Traditionally, to simple-minded, ignorant people, a “real job” would qualify as something doted as successful like a doctor or lawyer; something that took a great deal of effort to achieve. Even worse, today most people associate the term with anything that pays you a salary or provides some type of health benefits and/or a retirement plan. Or any type of job that requires a degree and has you sit on your ass 40 hours every week.
But let’s not forget that that true meaning of the word ‘job’ simply means anything in which one receives payment for performing some type of service.
So, when did it happen that some roles in the working sphere became classified as a real job and others simply viewed as, “not a real job”?
This term is offensive, untrue and utterly mind boggling that people differentiate jobs into these two categories.
The term also brings along people who assume things about others working in certain industries, such as they probably don’t have a degree or they have no motivation. Again, untrue and offensive.
As someone who works in both the service industry and the cushy 9-5 lifestyle, I can say that both industries are very much real jobs and should be viewed as equal, and the former even more so than the latter.
Most alternatives to a regular office job require physical demands like being on your feet all day or carrying things for hours on end. While those inside an office sit most of the time, although they too can become mentally exhausted, it’s not as physically demanding as the job of a bartender, plumber or nanny, for example.
When you’re working in the service industry, customer service, taking care of children, working a blue collar job, or anything outside of the 9-5 sentence, odds are, you’re busting your ass everyday and for probably over 40 hours a week.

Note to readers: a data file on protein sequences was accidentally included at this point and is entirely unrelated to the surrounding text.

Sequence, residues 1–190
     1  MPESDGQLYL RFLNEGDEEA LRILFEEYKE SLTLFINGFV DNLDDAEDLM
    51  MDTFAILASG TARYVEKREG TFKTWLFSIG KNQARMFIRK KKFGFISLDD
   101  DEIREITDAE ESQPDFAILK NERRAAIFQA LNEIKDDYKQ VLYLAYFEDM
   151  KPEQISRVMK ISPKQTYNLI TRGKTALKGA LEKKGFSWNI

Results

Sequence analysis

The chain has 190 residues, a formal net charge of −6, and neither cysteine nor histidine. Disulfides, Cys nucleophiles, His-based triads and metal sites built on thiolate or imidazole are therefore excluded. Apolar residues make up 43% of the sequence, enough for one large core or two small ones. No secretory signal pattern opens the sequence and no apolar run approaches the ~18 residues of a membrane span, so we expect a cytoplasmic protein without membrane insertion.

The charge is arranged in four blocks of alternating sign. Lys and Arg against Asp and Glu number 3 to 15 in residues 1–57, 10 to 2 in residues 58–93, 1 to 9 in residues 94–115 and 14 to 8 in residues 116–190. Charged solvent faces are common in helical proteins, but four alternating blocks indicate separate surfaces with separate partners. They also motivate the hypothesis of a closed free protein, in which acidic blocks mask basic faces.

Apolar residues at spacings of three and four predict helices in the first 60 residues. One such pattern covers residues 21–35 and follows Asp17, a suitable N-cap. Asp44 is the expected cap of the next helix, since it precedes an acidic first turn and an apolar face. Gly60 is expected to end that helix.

You may not have the same schedule or lifestyle as those who may be office workers, nurses, teachers or whatever profession deems them as having a “real job”, but you’re definitely working equally as hard, if not more.
Where you work, what you’re doing, the pay check and any added bonuses, do not define your worth. If you consider it work or feel like you’re doing something you’re passionate about, or even if you’re just content about, it’s a job, and it’s your job. Most importantly, it’s a real job.
If you come home from work feeling tired, it’s a real job. If you come home form work with money in your pocket or a pay check, it’s a real job. If you come home feeling like you did something for someone else, it’s a real job. If you come home from work feeling physically or mentally exhausted, it’s a real job.
Whether someone is a nanny, a bartender, server, tailor, hair dresser, or gas station attendant, they’re making an honest living and they’re doing it on their own terms in respect for their own happiness. There should be no kind of negative or misconstrued connotation associated with their job titles in our society.
Our time is valuable, and how we choose to spend it everyday, and how we choose to earn a living, is a personal decision that is not up for judgement or criticism.
I don’t know when people, especially those recently emerging to the working world, became so snobby about titles and paychecks, but it’s certainly bothersome and pretentious.
And just to shed some light on the fact that those with these pretentious opinions are those who are miserable at their “real jobs” who do mindless, repetitive tasks without any purpose, don’t have any real conversations with their co-workers and complain about how boring their jobs are, all because they fell into the pressure that society put on them to “get a ‘real job'”.
Anyway, maybe the next time someone is serving you drinks, cutting your hair, filling your gas tank, painting your house, watching your children, or all of the other things that you never give a second thought to, remember that you wouldn’t have any of these things fulfilled if it weren’t for those who don’t have “real jobs”.